Grieg’s Morning Mood

A fun and free Mad Lib lesson plan for teaching this classic piece.

This is a very serious lesson plan. No fun or giggles here. (wink)

Grieg’s Morning Mood

This recognizable piece is a great way to get students to activate their imaginations when it comes to music. While most people associate the melody with beautiful Norwegian fjords and mountains, did you know it was actually written to evoke sunrise in the Sahara Desert?!?

You can almost feel the heat of the desert and see the sheen of the sun on the sand. Plus the part about fighting off monkeys with a stick is hilarious. Why not share some of that juicy imagery and humor with your students?

The Piece

It is easy to find free recordings of this piece on YouTube or Spotify. Here is one of the many quality recordings that are out there.

The Lesson Plan

Objectives:
(1) Students will demonstrate recognition of a famous melody by raising their hands when they hear it.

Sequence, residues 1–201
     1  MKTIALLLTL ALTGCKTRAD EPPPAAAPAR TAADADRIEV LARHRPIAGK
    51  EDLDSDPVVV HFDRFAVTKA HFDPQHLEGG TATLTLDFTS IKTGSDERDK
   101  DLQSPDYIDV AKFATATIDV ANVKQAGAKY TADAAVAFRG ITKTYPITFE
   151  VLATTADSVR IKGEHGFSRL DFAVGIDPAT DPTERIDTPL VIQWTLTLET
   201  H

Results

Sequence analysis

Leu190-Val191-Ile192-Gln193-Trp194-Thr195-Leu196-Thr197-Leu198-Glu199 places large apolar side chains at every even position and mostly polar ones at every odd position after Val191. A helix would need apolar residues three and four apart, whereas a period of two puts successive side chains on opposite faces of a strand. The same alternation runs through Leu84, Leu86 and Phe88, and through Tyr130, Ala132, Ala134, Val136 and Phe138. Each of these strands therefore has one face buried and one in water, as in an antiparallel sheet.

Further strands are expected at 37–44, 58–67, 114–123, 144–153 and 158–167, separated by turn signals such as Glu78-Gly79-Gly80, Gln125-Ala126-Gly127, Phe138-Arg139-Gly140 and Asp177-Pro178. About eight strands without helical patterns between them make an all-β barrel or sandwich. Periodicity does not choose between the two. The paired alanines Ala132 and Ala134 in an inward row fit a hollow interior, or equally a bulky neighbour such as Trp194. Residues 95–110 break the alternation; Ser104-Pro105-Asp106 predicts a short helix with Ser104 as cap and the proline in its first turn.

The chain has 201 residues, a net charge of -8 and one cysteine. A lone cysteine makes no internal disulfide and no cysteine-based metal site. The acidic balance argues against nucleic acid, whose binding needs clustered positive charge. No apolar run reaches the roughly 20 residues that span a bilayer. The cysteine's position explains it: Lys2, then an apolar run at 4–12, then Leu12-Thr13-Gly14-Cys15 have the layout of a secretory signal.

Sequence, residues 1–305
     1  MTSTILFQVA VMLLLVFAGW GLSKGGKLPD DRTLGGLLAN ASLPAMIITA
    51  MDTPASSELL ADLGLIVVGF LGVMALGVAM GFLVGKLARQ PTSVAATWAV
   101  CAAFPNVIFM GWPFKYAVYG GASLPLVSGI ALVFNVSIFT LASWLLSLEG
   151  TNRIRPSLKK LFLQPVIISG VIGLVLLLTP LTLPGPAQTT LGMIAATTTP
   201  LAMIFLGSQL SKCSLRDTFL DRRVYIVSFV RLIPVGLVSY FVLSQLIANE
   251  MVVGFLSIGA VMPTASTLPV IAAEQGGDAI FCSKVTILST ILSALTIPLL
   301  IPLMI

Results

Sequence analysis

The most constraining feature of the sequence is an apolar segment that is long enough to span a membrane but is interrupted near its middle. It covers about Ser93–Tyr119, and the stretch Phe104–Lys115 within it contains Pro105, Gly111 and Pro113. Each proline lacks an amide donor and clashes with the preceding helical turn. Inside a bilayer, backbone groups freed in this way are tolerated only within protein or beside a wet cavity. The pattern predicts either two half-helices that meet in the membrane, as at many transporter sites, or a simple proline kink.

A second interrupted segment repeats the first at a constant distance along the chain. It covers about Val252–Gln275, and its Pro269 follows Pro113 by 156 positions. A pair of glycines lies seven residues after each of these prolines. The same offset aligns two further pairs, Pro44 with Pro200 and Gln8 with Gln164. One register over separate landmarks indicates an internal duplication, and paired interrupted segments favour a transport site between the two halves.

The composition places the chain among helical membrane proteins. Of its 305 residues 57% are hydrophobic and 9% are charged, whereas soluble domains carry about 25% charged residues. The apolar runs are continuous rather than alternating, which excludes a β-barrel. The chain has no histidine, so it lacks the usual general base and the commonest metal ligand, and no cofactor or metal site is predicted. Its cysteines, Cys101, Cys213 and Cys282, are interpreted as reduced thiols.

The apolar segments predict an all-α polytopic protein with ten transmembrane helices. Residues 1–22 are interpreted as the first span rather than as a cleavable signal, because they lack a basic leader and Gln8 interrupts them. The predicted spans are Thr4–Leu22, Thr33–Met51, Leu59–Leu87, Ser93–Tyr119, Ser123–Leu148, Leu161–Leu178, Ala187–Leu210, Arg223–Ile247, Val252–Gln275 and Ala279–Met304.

(2) Students will demonstrate their ability to interpret mood and setting in music by filling out a MadLib-style worksheet.
(3) Students will demonstrate their understanding of what the piece is about by describing it verbally.

Materials:
(1) Recording of “Morning Mood” by Edvard Grieg.
(2) Copies of “What is this music about?” worksheets for every student.
(3) Pencils for every student.
(4) Answer key for “What is this music about?” worksheet.
(5) Optional: Powerpoint files to project the worksheet and the answers.

Procedures:
(1) Invite students to close their eyes as you play the first 10-20 seconds of the recording of “Morning Mood.” Ask them to raise a hand if they recognize this music.

(2) Inform students that they are going to use their imaginations to try to decide what the piece is about. Turn out some lights to create a calm atmosphere for listening, and invite students to lay down and close their eyes while they imagine. Play the first two minutes or so of the piece (longer or shorter depending on your students’ attention spans and your available class time).

(3) Say, “Now I’m going to tell you what this piece is REALLY about.” Read the blank version of the worksheet, saying the word “blank” every time you get to a blank. Do it tongue-in-cheek so the students think it’s funny rather than frustrating. 🙂

(4) Reveal that the students are going to fill in the blanks themselves. Distribute the worksheets and pencils. Play the music in the background while they work.

(5) Invite 2-3 students to read aloud what they’ve written. The answers will be quite funny and creative!